Audacity's Equalizer

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Cloud Mountain
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Post by Cloud Mountain » January 10th, 2007, 9:02 am

Your def on the right track. The screen shot I sent you lines up perfectly with what you have. ( http://www.drakesdoor.org/reducingS/Picture00.pdf ) (Sorry, didn't bother to make it into a jpeg.)

You might want to try to experiment with lifting up the upper range of what is now lowered, to that it's flat again. That is, find the exact range where the problem is in and make the rest normal. Are you using any other filters? I think what you sent sounds fine as is. And yes, it is the aging in the voice. Am I making sense here?

This is why a parametric equalizer is better to use, if you can identify the range wto be equalized while the rest remains pure. You'll want to install VST Plug-Ins (via the enabler made avail on Audacity's site)). I believe there are some excellent options there. Lots to fiddle with to solve your problem more purely without messing tieh EQ.

Have fun.
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msirois
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Post by msirois » January 10th, 2007, 9:42 am

Cloud Mountain wrote:Your def on the right track. The screen shot I sent you lines up perfectly with what you have. ( http://www.drakesdoor.org/reducingS/Picture00.pdf ) (Sorry, didn't bother to make it into a jpeg.)
That's okay. The pdf's were fine. I work with images a lot, so I can read just about anything.
Cloud Mountain wrote:You might want to try to experiment with lifting up the upper range of what is now lowered, to that it's flat again. That is, find the exact range where the problem is in and make the rest normal. Are you using any other filters? I think what you sent sounds fine as is. And yes, it is the aging in the voice. Am I making sense here?
I didn't apply any filters on the whole file (except for Spitfish, which I didn't use on the wav file I sent you). I used Audacity's Noise Reduction filter (but just to create a few seconds of silence), which I then copied-and-pasted throughout the file where pauses should be, and to eliminate heavy breathing noises. And I also used the GVerb filter to enhance the archangel's voice in the file I sent you, and a few other filters for other voices elswhere in the book (God, the Devil, various talking fish etc.), but only at those particular spots.
Cloud Mountain wrote:This is why a parametric equalizer is better to use, if you can identify the range wto be equalized while the rest remains pure. You'll want to install VST Plug-Ins (via the enabler made avail on Audacity's site)). I believe there are some excellent options there. Lots to fiddle with to solve your problem more purely without messing tieh EQ.

Have fun.
I do have most of the Ladspa and MDA VST plug-ins installed, and a couple of them are multiband equalizers -- like this one.

Image

I'll play with them a bit, and see what I can come up with.

Thanks,

Michael
Orato Ergo Sum.

Cloud Mountain
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Post by Cloud Mountain » January 10th, 2007, 10:08 am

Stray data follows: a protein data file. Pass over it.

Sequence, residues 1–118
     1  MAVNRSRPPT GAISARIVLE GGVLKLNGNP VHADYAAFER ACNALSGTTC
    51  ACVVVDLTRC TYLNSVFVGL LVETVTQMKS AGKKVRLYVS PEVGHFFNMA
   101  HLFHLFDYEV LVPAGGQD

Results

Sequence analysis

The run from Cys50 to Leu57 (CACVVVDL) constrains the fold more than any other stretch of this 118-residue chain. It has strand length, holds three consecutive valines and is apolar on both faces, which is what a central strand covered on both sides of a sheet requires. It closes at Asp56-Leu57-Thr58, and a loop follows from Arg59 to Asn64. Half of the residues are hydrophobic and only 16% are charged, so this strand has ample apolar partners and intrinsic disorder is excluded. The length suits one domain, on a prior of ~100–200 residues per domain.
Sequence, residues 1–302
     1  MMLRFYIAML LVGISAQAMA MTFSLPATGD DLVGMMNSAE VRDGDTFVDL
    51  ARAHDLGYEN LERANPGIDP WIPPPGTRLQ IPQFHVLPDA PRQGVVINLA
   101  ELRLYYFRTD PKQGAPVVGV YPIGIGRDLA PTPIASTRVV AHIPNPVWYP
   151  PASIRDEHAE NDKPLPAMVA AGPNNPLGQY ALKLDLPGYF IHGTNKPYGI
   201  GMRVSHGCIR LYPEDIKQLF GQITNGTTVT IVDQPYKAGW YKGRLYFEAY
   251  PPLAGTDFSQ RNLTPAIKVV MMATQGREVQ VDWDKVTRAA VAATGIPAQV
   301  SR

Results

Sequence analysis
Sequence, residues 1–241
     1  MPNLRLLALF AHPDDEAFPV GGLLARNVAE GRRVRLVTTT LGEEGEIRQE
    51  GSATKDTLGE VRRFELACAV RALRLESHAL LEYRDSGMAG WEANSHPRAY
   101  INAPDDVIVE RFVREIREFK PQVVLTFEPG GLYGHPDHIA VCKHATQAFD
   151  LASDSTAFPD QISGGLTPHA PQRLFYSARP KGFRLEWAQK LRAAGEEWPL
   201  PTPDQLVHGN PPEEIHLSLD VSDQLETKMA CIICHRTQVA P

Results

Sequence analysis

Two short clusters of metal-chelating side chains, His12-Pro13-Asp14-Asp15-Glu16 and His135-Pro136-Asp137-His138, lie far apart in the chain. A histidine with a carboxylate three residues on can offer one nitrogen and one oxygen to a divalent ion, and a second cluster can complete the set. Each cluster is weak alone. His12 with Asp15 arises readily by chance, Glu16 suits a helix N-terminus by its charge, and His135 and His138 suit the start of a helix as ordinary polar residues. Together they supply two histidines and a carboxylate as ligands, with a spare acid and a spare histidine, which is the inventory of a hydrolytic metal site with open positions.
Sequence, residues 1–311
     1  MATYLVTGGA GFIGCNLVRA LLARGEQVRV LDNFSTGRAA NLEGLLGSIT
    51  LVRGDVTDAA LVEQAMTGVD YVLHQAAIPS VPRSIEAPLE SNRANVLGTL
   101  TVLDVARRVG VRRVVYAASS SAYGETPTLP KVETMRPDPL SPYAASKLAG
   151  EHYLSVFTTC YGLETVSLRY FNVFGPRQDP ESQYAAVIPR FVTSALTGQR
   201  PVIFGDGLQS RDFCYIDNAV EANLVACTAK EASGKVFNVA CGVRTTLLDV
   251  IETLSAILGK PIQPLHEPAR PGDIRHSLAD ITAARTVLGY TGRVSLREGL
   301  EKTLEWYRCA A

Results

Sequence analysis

You raise an altogether different (and for me, a far more interesting subject) when referring to the use of "filters" for purposes of characterization. We can talk about this one for weeks. I'm one to work on the balance between letting subtle changes in voice create a "different character" rather than electronics. And there is the added issue of not going over the top with characterization so as not to have it disctract from the story. I myself will do a "character" all in one read, so that there's consistency --and later editing them in. In your case. Keeping a character distinguishable by voicing is far more difficult, as there are many different chapters reader over a few months. It's not an easy choice on how to handle this. Some would say, "just read," and trust the story.

And so on, and so on...

Have fun playing with the "filters."
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msirois
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Post by msirois » January 10th, 2007, 10:22 am

I would generally prefer to create characters simply with the voice also. In this particular instance (Penguin Island), I discovered that one of the chapters had an extended dialogue between fifteen different characters, and five more characters were introduced in the following chapter. I did record the full set of lines for each voice separately (and then cut-and pasted them in the right sequence) but decided to do some tinkering with some of them to make them each unique somehow. Once I started down that road, well . . . when you have a toy and don't tinker with it, why have the toy in the first place?

Once I'm finished with this book, I think I'm going to look for something that's 99% narrative, though.

:)
Orato Ergo Sum.

Cloud Mountain
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Post by Cloud Mountain » January 10th, 2007, 11:26 am

msirois wrote:Once I'm finished with this book, I think I'm going to look for something that's 99% narrative, though.
I sympathize 100%. (Characterizations and the requisite mixing is ALWAYS loads more work that one ever planned on.)

:wink:
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